Mother's Depression Linked to Childhood Respiratory Illnesses

Stress and depression in expectant and new mothers are risk factors for more childhood respiratory illnesses in early life, and maternal depression is associated with a non-allergic asthma type of childhood asthma. These findings suggest that reducing stress and depression in expectant and new mothers in low-income urban populations could reduce childhood colds and non-atopic asthma.

The NIH-funded Inner City Asthma Consortium initiated the URECA (Urban Environment and Childhood Asthma) birth cohort to identify which exposures in early life, including maternal stress and depression, are related to the development of childhood allergies and asthma.

Varieties of Wheezing

Childhood asthma is a syndrome consisting of different varieties (“phenotypes”) of asthma that may have distinct causes. By analyzing the first seven years of data in URECA, Bacharier and colleagues previously showed that maternal stress and depression were both associated with a high-wheeze, low-atopy (HW-LA) respiratory phenotype.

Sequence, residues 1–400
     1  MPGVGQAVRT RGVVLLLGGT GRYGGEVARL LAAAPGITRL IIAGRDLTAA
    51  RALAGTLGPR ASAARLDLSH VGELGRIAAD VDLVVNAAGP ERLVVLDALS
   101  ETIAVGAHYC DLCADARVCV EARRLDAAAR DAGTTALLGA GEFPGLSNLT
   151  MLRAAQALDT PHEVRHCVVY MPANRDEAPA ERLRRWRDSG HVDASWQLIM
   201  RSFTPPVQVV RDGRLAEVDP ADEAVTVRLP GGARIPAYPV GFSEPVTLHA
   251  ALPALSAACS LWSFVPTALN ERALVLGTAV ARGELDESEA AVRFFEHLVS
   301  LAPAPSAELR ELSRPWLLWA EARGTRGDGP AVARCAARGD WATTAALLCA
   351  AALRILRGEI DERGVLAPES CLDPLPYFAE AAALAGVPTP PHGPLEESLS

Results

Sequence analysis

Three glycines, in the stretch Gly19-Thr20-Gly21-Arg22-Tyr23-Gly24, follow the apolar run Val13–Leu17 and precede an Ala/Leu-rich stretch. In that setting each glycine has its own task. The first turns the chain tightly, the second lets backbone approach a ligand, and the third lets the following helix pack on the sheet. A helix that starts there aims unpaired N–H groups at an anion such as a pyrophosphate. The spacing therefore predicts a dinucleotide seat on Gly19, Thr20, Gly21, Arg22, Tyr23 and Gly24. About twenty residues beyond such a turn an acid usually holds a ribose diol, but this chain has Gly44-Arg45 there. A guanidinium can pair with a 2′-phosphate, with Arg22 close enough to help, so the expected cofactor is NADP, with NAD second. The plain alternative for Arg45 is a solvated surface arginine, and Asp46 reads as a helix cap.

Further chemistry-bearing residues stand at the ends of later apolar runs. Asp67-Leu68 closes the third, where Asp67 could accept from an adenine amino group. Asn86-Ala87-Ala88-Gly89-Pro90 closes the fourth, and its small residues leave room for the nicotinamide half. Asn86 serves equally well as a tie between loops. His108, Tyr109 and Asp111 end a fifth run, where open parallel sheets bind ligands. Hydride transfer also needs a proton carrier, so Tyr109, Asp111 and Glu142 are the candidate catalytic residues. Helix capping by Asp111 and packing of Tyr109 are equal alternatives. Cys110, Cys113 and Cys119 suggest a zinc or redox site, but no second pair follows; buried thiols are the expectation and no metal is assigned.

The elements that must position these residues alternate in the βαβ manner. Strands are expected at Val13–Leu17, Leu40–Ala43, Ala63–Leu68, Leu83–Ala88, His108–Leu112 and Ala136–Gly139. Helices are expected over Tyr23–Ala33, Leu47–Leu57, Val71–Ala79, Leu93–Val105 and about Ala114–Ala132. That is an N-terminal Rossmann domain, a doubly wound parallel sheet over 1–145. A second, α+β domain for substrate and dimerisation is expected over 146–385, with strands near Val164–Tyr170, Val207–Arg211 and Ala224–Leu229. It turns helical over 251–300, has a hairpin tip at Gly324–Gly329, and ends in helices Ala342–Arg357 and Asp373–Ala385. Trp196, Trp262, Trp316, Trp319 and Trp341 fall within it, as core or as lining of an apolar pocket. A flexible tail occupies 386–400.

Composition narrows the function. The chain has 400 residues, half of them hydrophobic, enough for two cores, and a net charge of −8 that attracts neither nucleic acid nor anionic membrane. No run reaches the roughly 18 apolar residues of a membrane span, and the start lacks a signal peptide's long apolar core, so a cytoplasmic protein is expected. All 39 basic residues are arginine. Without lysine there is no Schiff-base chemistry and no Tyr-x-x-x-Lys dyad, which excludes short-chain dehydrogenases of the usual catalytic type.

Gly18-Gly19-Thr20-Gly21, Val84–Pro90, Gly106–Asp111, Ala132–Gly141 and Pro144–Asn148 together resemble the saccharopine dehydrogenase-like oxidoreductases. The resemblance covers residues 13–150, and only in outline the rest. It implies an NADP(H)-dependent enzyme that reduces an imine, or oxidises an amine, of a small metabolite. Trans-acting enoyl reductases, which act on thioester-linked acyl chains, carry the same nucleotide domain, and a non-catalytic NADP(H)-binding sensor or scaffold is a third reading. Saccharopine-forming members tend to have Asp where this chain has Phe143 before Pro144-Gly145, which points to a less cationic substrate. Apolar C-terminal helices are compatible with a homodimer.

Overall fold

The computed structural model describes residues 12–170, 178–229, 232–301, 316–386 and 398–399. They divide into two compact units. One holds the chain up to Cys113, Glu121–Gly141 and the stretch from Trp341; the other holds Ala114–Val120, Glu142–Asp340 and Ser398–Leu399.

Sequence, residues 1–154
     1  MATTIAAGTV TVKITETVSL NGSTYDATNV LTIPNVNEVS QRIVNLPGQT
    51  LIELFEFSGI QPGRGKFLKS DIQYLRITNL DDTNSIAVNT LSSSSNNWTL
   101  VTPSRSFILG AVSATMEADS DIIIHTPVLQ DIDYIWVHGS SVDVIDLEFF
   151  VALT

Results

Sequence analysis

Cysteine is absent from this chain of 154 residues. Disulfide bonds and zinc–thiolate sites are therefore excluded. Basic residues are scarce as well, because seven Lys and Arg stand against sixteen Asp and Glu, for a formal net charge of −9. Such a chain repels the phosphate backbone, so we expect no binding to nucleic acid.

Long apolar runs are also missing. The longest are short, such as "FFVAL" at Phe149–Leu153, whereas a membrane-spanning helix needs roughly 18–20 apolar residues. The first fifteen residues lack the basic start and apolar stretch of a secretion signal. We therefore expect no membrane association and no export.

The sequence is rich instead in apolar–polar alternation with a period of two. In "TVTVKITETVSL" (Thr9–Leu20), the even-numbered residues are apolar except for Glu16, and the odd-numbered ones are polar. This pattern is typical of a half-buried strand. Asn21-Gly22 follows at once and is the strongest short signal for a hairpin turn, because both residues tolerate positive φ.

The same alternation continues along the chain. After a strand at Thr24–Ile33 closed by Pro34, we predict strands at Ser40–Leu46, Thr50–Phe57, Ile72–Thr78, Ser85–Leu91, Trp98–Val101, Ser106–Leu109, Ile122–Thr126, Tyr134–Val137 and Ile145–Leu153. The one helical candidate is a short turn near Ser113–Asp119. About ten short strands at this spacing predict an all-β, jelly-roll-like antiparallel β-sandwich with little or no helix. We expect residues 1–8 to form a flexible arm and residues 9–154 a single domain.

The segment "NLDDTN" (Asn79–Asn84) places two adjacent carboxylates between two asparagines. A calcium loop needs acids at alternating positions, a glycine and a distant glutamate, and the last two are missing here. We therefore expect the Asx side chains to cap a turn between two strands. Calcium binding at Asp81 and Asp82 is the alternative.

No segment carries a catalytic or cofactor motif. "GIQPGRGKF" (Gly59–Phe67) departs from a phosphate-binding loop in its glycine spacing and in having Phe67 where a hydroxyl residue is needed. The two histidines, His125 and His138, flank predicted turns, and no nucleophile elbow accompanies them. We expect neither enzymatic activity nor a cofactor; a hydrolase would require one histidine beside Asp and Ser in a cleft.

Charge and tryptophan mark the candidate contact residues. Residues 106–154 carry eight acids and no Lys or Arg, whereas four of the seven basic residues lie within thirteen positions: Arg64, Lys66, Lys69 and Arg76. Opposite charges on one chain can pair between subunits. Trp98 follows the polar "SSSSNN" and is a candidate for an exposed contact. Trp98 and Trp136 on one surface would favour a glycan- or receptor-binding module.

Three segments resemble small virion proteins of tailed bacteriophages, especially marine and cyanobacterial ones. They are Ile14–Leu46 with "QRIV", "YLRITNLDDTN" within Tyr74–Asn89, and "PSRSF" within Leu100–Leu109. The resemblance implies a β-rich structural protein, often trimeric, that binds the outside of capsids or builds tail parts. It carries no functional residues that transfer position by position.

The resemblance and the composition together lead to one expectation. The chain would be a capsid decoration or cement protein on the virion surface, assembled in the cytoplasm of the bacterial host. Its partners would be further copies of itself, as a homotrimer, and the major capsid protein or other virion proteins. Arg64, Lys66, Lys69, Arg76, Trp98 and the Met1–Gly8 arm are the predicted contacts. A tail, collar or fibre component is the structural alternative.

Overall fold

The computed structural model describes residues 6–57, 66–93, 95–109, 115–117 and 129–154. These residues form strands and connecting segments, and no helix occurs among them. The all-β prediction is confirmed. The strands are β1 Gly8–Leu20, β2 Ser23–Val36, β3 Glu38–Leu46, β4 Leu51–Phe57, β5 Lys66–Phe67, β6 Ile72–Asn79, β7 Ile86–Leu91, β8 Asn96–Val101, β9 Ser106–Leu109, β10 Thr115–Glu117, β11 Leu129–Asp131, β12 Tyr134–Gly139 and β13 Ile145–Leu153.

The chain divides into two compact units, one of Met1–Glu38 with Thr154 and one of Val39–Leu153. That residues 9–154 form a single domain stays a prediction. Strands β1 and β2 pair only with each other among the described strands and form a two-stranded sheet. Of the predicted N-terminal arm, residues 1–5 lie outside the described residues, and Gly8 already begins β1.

URECA investigators recently updated the respiratory phenotypes to include wheezing, allergy, and lung function data collected from birth through age ten years.

In a recent issue of The Journal of Allergy and Clinical Immunology (JACI), Sima K. Ramratnam and colleagues tested whether maternal stress and depression in early life are associated with the non-atopic wheezing respiratory phenotype at ten years of age.

Early Childhood Asthma

In addition, the investigators tested whether this relationship was mediated by stress and depression effects on infections, allergies, or lung function.

The study found that maternal depression in early life was positively associated with wheezing phenotypes and these relationships were strongest for the moderate wheeze-low atopy (MW-LA) group.

They also identified a relationship between cumulative maternal stress and depression scores and increased childhood respiratory illnesses during the first three years of life.

There were no significant associations between maternal stress and depression and children’s lung function, and some inverse associations with allergic sensitization.

Source: Ramratnam SK, et al. "Maternal stress and depression are associated with respiratory phenotypes in urban children." The Journal of Allergy and Clinical Immunology 10 March 2021

Page top